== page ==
Chinese smart TVs caught hoovering up data about devices on customers’ networks

Millions of smart TVs in China may have collected data without the knowledge of viewers about Wi-Fi networks found within range and attached devices.

According to the South China Morning Post, an owner of a Skyworth smart TV posted last month on a Chinese technical forum that their suspicions were aroused when they felt their TV’s operation had slowed down, and wondered what background processes might be running.

The unnamed user examined the code running on his Android-powered Skyworth TV, and discovered it was scanning for devices connected to their family’s Wi-Fi every 10 minutes, scooping up information:

“[It] sends back the hostname, mac, ip and even the network delay time. It also detects the surrounding wifi SSID names, The mac address is also packaged and sent to this domain name of” is the domain name of Gozen Data, a data analytics company that specializes in delivering targeted advertising to smart TVs.

Inevitably, the revelation fueled heated debate on the internet, with users angrily claiming that the TV sets were spying on them, and asking questions as to how the data would be used and who it might be ultimately sold onto.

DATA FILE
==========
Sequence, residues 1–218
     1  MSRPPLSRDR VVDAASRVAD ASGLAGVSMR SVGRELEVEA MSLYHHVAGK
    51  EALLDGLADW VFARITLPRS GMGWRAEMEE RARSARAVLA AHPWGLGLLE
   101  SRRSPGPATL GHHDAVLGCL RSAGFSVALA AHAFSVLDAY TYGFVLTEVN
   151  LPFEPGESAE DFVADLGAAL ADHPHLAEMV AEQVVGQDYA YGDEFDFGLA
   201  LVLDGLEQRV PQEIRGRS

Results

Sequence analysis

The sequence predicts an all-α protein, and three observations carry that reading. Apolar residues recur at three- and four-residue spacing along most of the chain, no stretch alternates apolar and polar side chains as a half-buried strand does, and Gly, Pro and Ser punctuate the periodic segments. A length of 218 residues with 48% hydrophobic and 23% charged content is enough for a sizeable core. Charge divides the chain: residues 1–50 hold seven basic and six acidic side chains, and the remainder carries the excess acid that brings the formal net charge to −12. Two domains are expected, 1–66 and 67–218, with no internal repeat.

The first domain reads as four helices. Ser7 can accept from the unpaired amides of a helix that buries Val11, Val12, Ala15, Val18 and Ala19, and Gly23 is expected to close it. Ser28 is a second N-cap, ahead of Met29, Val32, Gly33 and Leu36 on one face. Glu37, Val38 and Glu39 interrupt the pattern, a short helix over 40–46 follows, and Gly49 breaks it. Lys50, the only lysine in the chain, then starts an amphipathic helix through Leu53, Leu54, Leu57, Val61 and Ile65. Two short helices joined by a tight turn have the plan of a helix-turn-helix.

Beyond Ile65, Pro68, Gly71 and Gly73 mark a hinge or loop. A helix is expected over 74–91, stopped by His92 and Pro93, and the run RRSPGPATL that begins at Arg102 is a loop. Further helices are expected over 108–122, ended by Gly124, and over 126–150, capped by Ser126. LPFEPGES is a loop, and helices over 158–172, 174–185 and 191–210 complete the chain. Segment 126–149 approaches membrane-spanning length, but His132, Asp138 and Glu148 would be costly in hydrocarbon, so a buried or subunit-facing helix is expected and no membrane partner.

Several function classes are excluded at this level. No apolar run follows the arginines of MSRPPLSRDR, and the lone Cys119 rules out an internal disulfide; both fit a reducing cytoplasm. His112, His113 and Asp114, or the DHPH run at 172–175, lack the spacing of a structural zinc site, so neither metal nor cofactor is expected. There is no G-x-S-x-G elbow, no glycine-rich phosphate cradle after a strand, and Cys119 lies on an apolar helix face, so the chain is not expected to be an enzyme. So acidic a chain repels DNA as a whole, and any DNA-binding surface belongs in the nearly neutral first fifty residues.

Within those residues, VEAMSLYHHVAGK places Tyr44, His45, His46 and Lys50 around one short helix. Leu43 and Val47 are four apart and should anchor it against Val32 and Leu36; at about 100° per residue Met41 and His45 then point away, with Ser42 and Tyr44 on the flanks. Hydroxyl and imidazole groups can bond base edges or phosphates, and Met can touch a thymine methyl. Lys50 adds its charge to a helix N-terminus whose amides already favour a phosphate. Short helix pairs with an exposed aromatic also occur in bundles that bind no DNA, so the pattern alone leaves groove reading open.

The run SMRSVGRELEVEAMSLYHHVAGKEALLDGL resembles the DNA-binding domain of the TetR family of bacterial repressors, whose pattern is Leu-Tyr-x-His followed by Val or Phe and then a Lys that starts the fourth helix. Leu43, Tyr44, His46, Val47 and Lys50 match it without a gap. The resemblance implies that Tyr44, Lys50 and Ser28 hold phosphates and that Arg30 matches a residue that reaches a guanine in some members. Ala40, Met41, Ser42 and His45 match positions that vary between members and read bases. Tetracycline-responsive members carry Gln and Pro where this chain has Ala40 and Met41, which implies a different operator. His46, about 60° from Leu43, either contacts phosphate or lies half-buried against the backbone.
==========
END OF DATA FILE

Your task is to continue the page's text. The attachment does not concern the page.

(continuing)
The concern is a legitimate one, and not confined purely to smart TVs sold in China. In the past, snooping allegations have been made against TVs manufactured by the likes of LG and Vizio, for instance, with the intention of better targeting advertising.

Skyworth, the third-largest TV brand by sales in China, says that the data collection can be disabled on its smart TVs, while Gozen said that it would improve its privacy policy to “ensure we are collecting information with users’ consent”.

Because you all read the privacy policy when you set up your smart TV, right?

Perhaps reeling from the backlash, Skyworth says it has now ended its “cooperation” with Gozen Data and demanded that the company delete all of its “illegally” collected data.

Skyworth, which is the third biggest TV brand in China, by sales volume, told the South China Morning Post that it does pre-install its TVs with the Gozen Data app when sold in Hong Kong.

It’s time for all smart TV manufacturers to show more respect to their customers.

If we really benefit from intrusive ads and being tracked online, then maybe manufacturers of smart TVs should give us the option to enable these features rather than always forcing us to try to find a way to turn them off or opt-out?